Flying High: Lok Pokhrel, 27, Is Living His Dream

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The first time Lok Pokhrel boarded a plane was when he left Nepal for the United States with his family in December, 2009.

He wondered how this “big metal bird” could possibly take off the ground and fly.

When he arrived in Denver, Colorado, he was at first mystified by the speed at which life unfold in his new hometown. No one seemed to talk to one another, even in very close quarters, like on a bus.

Lok Pokhrel, 27. Photo credit: David Sidorenko

Today, as a newly minted pilot, Pokhrel understands intimately how planes work—and he is accustomed to travelling at intense speeds himself, up in the skies.

Earning his commercial pilot certificate was a feat that required intense hard work and training over a series of years—and an investment of over $60,000.

Last May, he graduated from Metropolitan State University in Denver with a degree in aviation and aerospace science. He currently works as an air tour pilot in Guam/Northern Mariana Islands, logging hours, and hoping to some day become a captain for a major airline so he can fly jets like the Boeing 737 or Dreamliner 787.

Along the way to earning his certification, Pokhrel worked as a financial aid advisor for his university, as a cook for Burger King and a cashier for Chipotle.

When he left Beldangi 3 camp for resettlement, he had a sense that the ability to fly would allow him to see his friends, soon to be scattered around the world on different continents, again. Maybe one day, he dreams, he’ll be able to go back to his ancestral home of Bhutan some day, too—the airport in Paro is considered to be one of the most difficult flying patterns in the world.

Pokhrel’s hopes for the future are much brighter than when he first landed in the US after eighteen years in the camp, where he’d moved as an 18 month old.

At age 27, Pokhrel is also a certified ground instructor, which means he can teach theory to student pilots.

There’s another reason he’s pleased with his profession: “I see an opportunity for helping others by flying an aircraft with relief and medical supplies to those who are in a disaster or crisis situation.”

His family has resettled in Ohio, and Pokhrel feels he is now living a dream that inspires him to jump out of bed each day. “On the road to success,” he’s said, “the rule is, always to look ahead, so that you may reach the destination.”

Current Chairperson of the Bhutan Media Society, Napoli, a veteran journalist, has spent time as a volunteer in Bhutan and is the author of two books, Radio Shangri-La and Ray & Joan. Learn more about her at: lisanapoli.com.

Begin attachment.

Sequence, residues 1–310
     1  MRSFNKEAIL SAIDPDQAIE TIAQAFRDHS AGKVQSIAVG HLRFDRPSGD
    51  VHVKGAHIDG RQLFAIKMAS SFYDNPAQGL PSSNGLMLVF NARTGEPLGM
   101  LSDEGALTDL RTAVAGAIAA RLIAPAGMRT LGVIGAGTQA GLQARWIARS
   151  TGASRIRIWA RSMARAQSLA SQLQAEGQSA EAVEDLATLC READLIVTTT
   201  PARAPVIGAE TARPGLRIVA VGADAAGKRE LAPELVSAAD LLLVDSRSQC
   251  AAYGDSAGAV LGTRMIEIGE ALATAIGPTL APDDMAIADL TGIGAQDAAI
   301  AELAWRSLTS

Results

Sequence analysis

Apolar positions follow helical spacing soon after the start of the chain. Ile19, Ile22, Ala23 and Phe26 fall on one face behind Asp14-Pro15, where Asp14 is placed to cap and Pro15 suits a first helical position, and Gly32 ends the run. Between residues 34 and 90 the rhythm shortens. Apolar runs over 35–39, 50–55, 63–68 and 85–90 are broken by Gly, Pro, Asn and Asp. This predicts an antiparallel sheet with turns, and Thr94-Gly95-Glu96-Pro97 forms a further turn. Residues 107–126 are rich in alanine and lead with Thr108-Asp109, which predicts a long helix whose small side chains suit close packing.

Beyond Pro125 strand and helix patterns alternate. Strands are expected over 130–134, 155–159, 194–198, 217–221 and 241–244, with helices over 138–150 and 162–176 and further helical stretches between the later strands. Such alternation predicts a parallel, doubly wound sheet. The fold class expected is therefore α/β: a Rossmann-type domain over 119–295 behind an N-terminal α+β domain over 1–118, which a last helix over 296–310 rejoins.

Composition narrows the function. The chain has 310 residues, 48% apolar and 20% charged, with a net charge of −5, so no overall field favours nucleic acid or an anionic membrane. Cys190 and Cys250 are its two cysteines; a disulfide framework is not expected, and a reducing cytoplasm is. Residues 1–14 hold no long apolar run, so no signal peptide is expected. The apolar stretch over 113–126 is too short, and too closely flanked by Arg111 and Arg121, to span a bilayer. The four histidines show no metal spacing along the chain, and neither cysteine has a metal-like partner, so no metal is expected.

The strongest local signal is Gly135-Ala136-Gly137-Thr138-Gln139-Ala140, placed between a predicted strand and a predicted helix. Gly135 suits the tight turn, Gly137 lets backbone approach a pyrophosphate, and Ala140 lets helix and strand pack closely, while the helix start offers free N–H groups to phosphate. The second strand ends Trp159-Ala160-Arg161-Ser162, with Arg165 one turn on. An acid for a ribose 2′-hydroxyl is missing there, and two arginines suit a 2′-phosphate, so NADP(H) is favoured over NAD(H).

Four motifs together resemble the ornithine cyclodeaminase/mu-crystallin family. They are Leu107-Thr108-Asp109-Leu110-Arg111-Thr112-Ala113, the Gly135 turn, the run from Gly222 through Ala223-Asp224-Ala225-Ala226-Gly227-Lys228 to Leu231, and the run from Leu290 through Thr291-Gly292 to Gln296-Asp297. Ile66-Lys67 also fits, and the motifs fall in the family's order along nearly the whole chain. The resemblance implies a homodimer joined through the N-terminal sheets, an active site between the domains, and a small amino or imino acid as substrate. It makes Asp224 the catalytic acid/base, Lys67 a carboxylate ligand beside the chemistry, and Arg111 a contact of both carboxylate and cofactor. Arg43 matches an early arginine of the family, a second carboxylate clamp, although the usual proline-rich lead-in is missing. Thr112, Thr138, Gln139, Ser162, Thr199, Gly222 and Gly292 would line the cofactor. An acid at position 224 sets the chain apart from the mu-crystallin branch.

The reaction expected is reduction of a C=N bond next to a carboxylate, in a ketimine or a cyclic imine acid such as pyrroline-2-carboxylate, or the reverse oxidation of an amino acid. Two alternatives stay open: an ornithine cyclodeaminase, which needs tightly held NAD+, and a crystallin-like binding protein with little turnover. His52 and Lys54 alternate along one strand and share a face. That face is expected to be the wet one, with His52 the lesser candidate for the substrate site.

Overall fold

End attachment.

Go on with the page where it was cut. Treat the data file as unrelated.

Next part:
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Tell us your success/resettlement story, or if you know someone you think should be featured here feel free to reach out to us. Such stories will inspire others and keep the diaspora informed. You can write your own story too. Email us at: editor@bhutannewsservice.com OR lisa@lisanapoli.com.  
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Lisa is most proud of her work as the founding board chair of the Bhutan Media Society, which produces the all-volunteer Bhutan News Service, begun by Bhutanese refugees back in the camps in Nepal and continued now in diaspora. She also serves as contributing editor. For her use of social media in leading a cooking group on Skid Row in Los Angeles, she won the Downtown Women’s Center a $25,000 Halo Award.

Before Lisa Napoli wrote Radio Shangri-La, she’d worked for CNN, as a technology reporter in the early days of the Web at The NY Times, in a similar capacity at MSNBC, and also at the public radio show Marketplace. (In that order, and with a variety of other jobs in between.)

Her biography of the late philanthropist, Mrs. Joan Kroc was published by Dutton in November, 2016. You can find more about this new book, titled Ray & Joan: The Man Who Made the McDonald’s Fortune and the Woman Who Gave it All Away, here.

She also loves to talk about the themes in Radio Shangri-la in front of groups large and small, which she has done around the world. And while she is happy to hear about your trip to Bhutan, or recommend tour guides, please note that she is unable to arrange for volunteer opportunities (after many mostly futile years of attempting connections) or to consult on how a visitor might alter their itinerary (as most guides are following a route proscribed by their tour agency.)